Metro

In Framingham, Yvonne M. Spicer becomes first mayor for a new city

Yvonne Spicer greeted supporters at the Potter Road Elementary School on Tuesday.
Suzanne Kreiter/Globe staff
Yvonne Spicer greeted supporters at the Potter Road Elementary School on Tuesday.

FRAMINGHAM — Longtime educator Yvonne M. Spicer was elected Framingham’s first mayor, defeating former state representative John A. Stefanini.

Town Clerk Valerie Mulvey said Spicer won the race with 9,128 votes, while Stefanini collected 6,455 ballots.

Mulvey said 39 percent of Framingham’s 40,162 registered voters cast a ballot in Tuesday’s election.

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Stefanini said he called Spicer and conceded the race after his campaign determined Spicer won several key precincts.

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“I chased a dream of a kid from south Framingham leading our new government. And that’s not going to be the case,” said Stefanini. “But we’ll have a new government that will reach each and every neighborhood of Framingham.”

Spicer, 55, is a Town Meeting member and vice president of advocacy and educational partnerships for the National Center for Technological Literacy at the Museum of Science. She has also worked as a teacher and administrator in Framingham’s public schools, and as an administrator in Newton’s school system.

Stefanini, 53, has worked for the past 17 years as a private attorney and as an instructor at Suffolk University law School. He served five terms as a state representative and two terms as a Framingham selectman.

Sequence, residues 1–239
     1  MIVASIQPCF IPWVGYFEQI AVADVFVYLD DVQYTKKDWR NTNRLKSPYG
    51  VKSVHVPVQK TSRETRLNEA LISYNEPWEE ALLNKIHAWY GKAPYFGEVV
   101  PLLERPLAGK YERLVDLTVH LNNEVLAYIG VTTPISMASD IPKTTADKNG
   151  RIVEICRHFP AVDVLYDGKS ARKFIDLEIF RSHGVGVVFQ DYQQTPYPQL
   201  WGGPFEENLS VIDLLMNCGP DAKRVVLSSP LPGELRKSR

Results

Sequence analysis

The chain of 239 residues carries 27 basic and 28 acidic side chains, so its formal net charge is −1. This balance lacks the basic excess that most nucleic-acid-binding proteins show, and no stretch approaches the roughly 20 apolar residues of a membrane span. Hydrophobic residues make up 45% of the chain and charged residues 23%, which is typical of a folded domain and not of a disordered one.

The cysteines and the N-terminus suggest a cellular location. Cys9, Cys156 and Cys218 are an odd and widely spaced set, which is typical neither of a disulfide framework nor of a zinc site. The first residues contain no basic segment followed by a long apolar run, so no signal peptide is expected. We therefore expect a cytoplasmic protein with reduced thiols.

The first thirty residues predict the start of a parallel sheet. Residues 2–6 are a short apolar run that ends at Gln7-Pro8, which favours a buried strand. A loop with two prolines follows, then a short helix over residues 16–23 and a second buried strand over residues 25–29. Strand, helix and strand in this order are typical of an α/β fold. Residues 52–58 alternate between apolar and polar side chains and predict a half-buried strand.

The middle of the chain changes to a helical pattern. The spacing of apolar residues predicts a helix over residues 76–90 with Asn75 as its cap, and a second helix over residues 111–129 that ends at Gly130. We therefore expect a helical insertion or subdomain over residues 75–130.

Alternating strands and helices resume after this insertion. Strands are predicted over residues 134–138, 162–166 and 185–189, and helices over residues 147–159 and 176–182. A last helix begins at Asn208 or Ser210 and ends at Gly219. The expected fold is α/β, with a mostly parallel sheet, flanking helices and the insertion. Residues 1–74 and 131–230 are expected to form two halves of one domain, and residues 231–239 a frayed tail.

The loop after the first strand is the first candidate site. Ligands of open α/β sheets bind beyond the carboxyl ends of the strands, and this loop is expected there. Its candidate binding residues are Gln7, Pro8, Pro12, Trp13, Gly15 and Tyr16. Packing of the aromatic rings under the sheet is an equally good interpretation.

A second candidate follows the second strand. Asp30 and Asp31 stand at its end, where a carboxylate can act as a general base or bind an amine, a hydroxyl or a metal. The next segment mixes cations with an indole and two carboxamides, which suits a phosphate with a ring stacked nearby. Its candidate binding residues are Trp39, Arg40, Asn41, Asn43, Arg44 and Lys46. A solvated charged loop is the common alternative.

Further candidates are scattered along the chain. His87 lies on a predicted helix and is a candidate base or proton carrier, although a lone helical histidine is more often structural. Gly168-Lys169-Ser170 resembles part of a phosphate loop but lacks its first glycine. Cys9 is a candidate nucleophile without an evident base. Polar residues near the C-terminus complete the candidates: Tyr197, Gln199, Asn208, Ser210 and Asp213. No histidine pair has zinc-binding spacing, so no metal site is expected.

On Tuesday morning, at a polling place at St. Tarcisius Church in south Framingham, Spicer said she intends to promote the local economy and job creation, and focus on investing in Framingham’s schools.

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The community has traditionally had a north-south divide, and voters were split on whether to become a city. If elected, Spicer said she would work to bring the city together.

“At the end of the day, we are one city, we are one Framingham,” said Spicer, who has spent much of her career as an educator. “We need to move forward together.”

Voters at St. Tarcisius were split between Spicer and Stefanini.

Aggie Kadra, 74, said she supported Stefanini because she believed he could help improve south Framingham.

The town is predominantly suburban north of Route 9 but becomes increasingly dense along Route 135, with apartments and multifamily homes surrounding older commercial buildings.

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“He’s been here for years, and I feel he can really help our situation we have on the south side of Framingham,” Kadra said. “I would like to see the south side be as nice as the north side.”

Mary Ann Markmann said she backed Spicer because the candidate offered a fresh start for Framingham.

“This city needs someone who can unify all sides. It’s a very diverse city. . . . I just believe she would be the one,” Markmann said.

Framingham has increasingly struggled to meet the needs of its residents, particularly students, and Markmann believed a change to a city government would mean more educational funding for its schools.

“These children need good teachers,” she said.

Pat Whitfield, a Spicer supporter, said she wanted a mayor who didn’t come to the job with decades of political experience, referring to Stefanini’s time in the House and as a selectman.

With Spicer, “she’ll bring openness and transparency to the government here in Framingham,” Whitfield said.

The candidates were the two top finalists out of seven candidates after a preliminary election in September. In that September vote, 5,964 ballots were cast for Spicer, while Stefanini received 3,184 votes.

John Hilliard can be reached at john.hilliard@globe.com.